Seth Hubbard takes his own life right after he writes a new will that cuts out his family, and leaves most of his fortune to his housekeeper. Seth has appointed Jake to be the lawyer for the estate, which throws Jake into a bitter will contest. You might think that a book about a contested will would be boring. This book is anything but.  As in most John Grisham novels, there are more questions than answers. Why did Seth Hubbard leave most of his fortune to his black housekeeper? Why did Seth choose Jake to fight for the new will? What is the awful secret that Seth and his estranged brother kept for over fifty years? What secrets does the housekeeper have?

The desire to discover the answers to these questions is why I kept reading. I wanted to see what happened to Jake Brigance next. Grisham keeps you guessing as he throws curve ball after curve ball. Once you think you have everything figured out, guess again.


If you liked this book, you might like Fall From Grace by Richard North Patterson.

Tuesday, August 20, 2013

Me Before You by Jojo Moyes



What do you do when you find out you’re someone’s last hope? That’s the situation Louisa Clark finds herself in after she’s hired to care for quadriplegic Will Traynor. In Me Before You, Louisa is perfectly content living her life in a small English village, working at a café, and not venturing outside her comfort zone. But when the café closes, Louisa must find another job quickly, because she is the family breadwinner. Enter Will Traynor, a man who lived life on the edge. After his accident, he is a stubborn, moody, and bossy man who is not looking to improve his situation. Louisa discovers that she’s been hired to change Will’s outlook on life. She does her best to show him what his life could be like, despite his physical challenges.

I loved this book. In fact, I think it’s one of my favorites that I read this year. I really enjoyed that the story is not only told from Will and Louisa’s point of view, it’s also told from the point of view of other important characters. This lets readers see the story from all sides, and see what other characters think of the situation. I really enjoyed Jojo Moyes’ writing, and will be reading more of her books.

If you liked Me Before You, you might also like The Revised Fundamentals of Caregiving by Jonathan Evison.

Thursday, July 25, 2013

Three Graves Full by Jamie Mason

What do you do if you’ve buried one body in your backyard, and then two other bodies are discovered? This is the dilemma plaguing Jason Getty in Three Graves Full by Jamie Mason. Why did Jason kill the person he buried? He is so consumed by that body, that he doesn’t even know what to do after two more bodies are unearthed.  It turns out that the bodies are the former woman of the house, and her missing lover. Who killed these two and made Jason’s property a graveyard? You won’t be able to guess who the killer was.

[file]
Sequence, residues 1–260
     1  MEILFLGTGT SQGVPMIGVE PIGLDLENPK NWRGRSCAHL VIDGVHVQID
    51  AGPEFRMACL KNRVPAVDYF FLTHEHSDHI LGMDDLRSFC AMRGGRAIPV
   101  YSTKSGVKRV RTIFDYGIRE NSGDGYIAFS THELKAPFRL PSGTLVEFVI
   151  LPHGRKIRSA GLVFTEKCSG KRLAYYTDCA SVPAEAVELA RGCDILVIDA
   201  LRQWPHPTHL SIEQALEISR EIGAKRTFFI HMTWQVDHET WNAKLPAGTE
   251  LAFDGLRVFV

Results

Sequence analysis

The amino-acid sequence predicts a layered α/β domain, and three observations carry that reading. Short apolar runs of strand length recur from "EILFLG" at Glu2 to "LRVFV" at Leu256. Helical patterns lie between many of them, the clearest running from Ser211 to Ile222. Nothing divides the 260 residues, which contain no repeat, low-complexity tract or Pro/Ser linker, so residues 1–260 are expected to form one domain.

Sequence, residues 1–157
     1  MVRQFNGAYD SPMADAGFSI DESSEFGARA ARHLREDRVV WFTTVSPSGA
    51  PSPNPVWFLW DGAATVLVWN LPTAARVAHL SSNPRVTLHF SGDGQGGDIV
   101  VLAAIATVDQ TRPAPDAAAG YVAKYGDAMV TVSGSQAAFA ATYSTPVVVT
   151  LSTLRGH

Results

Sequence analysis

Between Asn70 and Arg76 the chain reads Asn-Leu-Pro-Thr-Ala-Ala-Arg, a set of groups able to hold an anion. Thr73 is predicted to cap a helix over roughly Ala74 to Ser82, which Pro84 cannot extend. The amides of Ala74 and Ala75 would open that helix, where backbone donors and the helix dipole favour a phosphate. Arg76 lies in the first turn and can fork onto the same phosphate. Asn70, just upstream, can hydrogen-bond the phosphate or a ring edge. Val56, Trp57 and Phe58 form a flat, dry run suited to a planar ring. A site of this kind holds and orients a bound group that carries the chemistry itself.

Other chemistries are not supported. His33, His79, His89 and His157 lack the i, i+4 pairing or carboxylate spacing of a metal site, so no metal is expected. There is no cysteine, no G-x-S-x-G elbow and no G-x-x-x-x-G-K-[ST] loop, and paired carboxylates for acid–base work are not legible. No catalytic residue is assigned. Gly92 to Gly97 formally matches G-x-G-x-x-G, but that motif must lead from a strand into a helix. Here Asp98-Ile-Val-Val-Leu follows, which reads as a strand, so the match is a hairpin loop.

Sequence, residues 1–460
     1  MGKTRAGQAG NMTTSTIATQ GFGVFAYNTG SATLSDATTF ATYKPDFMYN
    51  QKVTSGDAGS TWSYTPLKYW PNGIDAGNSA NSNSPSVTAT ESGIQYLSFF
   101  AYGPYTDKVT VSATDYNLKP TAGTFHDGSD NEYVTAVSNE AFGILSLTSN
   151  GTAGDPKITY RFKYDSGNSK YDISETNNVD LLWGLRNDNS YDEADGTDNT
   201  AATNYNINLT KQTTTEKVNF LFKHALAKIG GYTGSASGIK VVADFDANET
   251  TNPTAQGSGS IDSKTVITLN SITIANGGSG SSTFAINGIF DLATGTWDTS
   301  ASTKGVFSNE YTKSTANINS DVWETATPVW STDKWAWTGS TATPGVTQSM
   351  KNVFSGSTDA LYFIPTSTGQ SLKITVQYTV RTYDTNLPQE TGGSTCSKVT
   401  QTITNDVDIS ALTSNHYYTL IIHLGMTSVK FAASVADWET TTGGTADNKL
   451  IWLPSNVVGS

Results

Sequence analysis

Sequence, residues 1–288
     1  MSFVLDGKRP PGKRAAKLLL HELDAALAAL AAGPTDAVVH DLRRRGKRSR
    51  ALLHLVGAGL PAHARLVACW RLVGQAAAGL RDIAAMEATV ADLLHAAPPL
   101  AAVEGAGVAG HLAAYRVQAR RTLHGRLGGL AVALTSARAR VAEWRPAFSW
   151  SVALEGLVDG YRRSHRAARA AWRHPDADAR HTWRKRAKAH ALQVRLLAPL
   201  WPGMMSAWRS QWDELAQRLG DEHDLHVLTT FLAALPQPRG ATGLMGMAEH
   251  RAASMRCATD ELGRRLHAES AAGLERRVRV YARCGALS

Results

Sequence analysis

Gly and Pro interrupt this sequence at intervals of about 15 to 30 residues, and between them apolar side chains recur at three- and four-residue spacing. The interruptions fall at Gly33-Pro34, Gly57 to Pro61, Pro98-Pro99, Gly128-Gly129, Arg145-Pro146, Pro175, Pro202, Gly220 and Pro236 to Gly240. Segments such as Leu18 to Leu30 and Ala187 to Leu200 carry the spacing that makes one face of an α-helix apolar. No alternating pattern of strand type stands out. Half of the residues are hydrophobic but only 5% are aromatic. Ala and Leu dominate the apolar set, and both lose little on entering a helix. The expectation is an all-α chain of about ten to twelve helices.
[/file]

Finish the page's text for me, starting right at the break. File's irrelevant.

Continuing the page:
This book is full of questions. When I first read the premise of this book, I was excited to read it. It sounds like an excellent thriller. It was a good book, but maybe my hopes were too high. There were so many twists and turns that it was hard to keep up. At just over 300 pages, I felt that Jamie Mason could have made the book longer to iron out the kinks. Overall, though, I’d recommend this book. I’m looking forward to future books by Jamie Mason.

Thursday, July 11, 2013

I'm Bringing the Blog Back



I recently read an article by Michael Stephens that inspired me so much. It was in his latest Library Journal Office Hours column, called Learning to Learn. He talks about promoting a culture of learning in libraries, and how to do so. "If libraries call themselves learning organizations, setting time aside for staff to explore and reflect is mandatory." Michael has long been a proponent of blogging your progress. He requires his students to keep track of their learning in a blog, and he encourages librarians to do so as well.

I maintained a blog during library school, but have gotten away from it in the few years since graduation. Lately, I've been feeling like I'm in a rut, as far as learning and professional development goes. I read Michael's column and felt reenergized. Bringing the blog back will help me get back in the groove. I decided that I'd come up with a list of things I want to learn and investigate, and blog my progress as I go. Here are the things I've come up with so far:

1. Music apps
2. Virtual Private Networks (VPNs)
3. Text a librarian
4. Book club questions and resources
5. Take a closer look at ALA's Transforming Libraries
6. Building an Etsy shop
7. Genealogy
8. Creative Commons
9. A periodic roundup of helpful library resources
10. How librarians can help patrons with health care options
11. Blog plug-ins
12. Dewey-less libraries

My blog is called Dewey Scrapper, so I'm going to be blogging about libraries and scrapbooking. It will probably be more about libraries than scrapbooking, but we'll see how it goes. I have much to learn about scrapbooking, so I will apply what Michael suggests to my hobby as well as my profession.

Cheers!

 (photo source)